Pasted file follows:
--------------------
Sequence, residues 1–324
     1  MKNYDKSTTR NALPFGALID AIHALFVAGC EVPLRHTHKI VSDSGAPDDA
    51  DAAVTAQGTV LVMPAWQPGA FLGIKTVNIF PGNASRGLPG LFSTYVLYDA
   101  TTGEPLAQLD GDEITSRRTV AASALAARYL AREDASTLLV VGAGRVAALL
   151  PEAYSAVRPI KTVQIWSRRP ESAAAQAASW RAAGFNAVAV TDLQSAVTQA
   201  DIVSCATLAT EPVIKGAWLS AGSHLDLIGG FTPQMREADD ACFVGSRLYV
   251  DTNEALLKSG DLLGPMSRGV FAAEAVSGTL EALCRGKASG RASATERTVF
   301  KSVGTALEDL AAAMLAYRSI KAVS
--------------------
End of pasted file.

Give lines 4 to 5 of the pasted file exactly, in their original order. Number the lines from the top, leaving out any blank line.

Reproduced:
   101  TTGEPLAQLD GDEITSRRTV AASALAARYL AREDASTLLV VGAGRVAALL
   151  PEAYSAVRPI KTVQIWSRRP ESAAAQAASW RAAGFNAVAV TDLQSAVTQA